Obama Gives Unions a 'Massive Payback' with Executive Order, Contractors Claim
April 29, 2010 - 10:17 PMContractors say President Obama is helping unions secure billions of dollars in construction contracts on public projects – and forcing non-union employees to pay into under-funded union pension plans.
The executive order, implemented in mid-April, encourages federal agencies to use “project labor agreements” or PLAs on their construction projects, which could require any non-union workers to pay into ailing union pension funds and follow work guidelines set out by a union.
Ben Brubeck, who is director of the labor and federal procurement department at the Association of Builders and Contractors (ABC), says the move is unfair to non-union workers who represent about 85 percent of the construction industry.
“PLAs basically discourage or cut competition from all of those potential (non-unionized) employees,” he told CNSNews.com before the implementation, “while a small group of employees are getting a massive payback and really getting a huge advantage.”
On a conference call with reporters this week, Rep. John Kline (R-Minn.) agreed, telling CNSNews.com he believes the new policy will aid unions, whom he says are “scrambling” to make their under-funded pension plans solvent by adding new contributors through PLAs.
Union pension plans, Kline said, are “grotesquely under-funded.”
“(Unions) are desperate,” Kline said. "(T)he real solution here is for them to seriously look at the benefits and renegotiate the exorbitant benefits that they’re getting -- in other words tightening their belt --and they’ve been unwilling to do that, so they’re scrambling for anything else to make these things solvent.”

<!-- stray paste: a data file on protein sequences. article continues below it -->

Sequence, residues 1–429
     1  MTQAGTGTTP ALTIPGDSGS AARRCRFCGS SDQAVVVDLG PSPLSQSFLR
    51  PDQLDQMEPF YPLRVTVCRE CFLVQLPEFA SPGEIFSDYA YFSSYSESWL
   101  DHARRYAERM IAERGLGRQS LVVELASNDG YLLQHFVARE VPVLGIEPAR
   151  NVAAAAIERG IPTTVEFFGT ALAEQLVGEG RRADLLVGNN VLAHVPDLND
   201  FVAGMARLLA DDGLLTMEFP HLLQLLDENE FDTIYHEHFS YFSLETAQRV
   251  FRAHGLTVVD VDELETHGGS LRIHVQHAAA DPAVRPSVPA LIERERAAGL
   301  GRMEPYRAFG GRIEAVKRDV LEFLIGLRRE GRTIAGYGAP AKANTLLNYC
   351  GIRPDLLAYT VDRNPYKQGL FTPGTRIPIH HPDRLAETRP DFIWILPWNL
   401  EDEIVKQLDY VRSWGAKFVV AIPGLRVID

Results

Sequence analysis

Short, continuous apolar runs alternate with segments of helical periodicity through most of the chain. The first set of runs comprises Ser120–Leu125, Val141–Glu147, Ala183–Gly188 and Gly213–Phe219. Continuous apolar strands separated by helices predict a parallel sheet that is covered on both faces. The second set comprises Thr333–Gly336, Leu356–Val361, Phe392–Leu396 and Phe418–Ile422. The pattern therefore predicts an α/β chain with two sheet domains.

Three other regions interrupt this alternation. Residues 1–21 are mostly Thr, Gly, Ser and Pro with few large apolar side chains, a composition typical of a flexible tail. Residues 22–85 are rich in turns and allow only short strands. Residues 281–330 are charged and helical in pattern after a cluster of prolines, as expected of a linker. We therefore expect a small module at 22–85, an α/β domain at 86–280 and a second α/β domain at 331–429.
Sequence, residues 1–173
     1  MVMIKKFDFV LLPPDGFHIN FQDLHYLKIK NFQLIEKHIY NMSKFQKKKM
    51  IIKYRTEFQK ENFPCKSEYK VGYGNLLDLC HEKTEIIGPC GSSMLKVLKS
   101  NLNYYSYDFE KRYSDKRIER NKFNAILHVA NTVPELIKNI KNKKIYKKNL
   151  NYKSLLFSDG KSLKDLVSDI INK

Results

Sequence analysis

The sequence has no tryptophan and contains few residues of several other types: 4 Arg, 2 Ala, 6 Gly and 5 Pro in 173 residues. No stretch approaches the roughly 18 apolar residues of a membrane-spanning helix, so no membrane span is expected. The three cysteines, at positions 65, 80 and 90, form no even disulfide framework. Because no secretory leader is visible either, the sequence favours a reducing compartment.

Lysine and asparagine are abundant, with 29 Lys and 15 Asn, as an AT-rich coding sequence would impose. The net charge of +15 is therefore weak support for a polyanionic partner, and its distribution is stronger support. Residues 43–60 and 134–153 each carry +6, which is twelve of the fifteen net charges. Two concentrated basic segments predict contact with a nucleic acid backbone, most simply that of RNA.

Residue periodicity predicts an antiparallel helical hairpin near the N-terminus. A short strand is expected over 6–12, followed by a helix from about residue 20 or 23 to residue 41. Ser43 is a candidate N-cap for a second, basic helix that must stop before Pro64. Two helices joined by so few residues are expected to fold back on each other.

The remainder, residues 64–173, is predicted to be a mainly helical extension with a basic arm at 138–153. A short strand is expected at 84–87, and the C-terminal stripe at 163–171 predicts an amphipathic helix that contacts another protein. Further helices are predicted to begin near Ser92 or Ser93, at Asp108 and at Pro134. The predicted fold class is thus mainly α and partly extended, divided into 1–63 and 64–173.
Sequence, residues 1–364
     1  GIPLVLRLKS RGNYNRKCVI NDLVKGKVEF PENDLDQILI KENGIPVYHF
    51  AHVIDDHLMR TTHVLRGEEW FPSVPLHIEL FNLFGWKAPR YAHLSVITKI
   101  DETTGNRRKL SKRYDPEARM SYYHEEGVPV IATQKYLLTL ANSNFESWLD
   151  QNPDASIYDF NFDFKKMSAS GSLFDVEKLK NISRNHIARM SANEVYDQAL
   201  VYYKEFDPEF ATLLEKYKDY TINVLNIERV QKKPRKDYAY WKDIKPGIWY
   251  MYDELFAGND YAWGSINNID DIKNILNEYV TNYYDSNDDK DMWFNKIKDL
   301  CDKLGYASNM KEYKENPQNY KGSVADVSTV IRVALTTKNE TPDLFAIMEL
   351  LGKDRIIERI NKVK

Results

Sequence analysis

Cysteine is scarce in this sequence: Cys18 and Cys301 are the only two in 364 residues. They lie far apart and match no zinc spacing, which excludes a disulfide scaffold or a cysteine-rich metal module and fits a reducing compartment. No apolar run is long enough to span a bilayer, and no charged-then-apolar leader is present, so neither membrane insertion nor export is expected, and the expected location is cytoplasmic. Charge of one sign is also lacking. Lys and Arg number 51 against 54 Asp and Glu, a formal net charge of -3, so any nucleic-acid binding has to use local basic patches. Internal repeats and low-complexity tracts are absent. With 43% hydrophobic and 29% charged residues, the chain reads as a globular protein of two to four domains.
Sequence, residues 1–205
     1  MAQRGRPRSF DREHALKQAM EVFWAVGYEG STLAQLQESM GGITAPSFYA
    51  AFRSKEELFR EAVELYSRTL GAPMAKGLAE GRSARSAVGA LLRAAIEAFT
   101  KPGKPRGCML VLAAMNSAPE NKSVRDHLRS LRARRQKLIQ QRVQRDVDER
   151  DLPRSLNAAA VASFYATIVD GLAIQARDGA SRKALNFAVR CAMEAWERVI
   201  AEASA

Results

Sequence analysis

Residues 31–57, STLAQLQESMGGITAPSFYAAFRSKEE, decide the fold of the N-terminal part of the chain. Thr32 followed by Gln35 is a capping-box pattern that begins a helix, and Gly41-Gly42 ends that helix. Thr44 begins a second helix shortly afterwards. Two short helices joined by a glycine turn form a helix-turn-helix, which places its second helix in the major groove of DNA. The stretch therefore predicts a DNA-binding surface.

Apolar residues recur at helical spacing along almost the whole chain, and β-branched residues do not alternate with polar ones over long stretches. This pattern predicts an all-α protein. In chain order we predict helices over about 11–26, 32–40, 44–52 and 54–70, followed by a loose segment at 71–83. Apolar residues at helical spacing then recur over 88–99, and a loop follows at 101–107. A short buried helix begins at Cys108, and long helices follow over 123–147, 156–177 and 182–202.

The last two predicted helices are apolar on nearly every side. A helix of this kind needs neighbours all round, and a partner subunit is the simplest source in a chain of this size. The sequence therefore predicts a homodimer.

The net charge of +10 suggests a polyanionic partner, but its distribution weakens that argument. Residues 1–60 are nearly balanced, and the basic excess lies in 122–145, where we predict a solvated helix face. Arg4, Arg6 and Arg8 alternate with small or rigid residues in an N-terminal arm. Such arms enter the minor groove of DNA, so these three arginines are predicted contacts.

Brett McMahon, a vice president at Miller & Long Concrete Construction, explained that, through PLAs, union pension plans will benefit because workers at competitive companies will essentially be giving their wages to union retirees.
“We would have to divert contributions -- 4 or 5 percent of weekly paycheck, literally --into a pension fund where just by the rules of it -- just by the rules of the vesting schedule, which is a 5 year minimum -- there is absolutely no chance whatsoever that a new worker will be vested during the course of a project. How could anyone possibly rationalize taking 4 or 5 or 6 percent of a guy’s literal paycheck, and depositing something that he has absolutely no possibility whatsoever of being on?”
An employee’s retirement is “vested” if he has paid in long enough to mean he can start drawing retirement benefits.
“There’s zero, nil, no possibility whatsoever that (the funds) would accrue to the benefit of that individual. Absolutely zero. It’s a disgusting concept to take people’s money and it’s going to some fat retired guy out in the suburbs,” McMahon said. “It’s insane.”
Obama signed the executive order in February 2009, expressing his desire to “encourage” federal agencies to use the PLA’s on high-value ($25 million or more) building projects. On April 13, the final rule was printed in the Federal Register.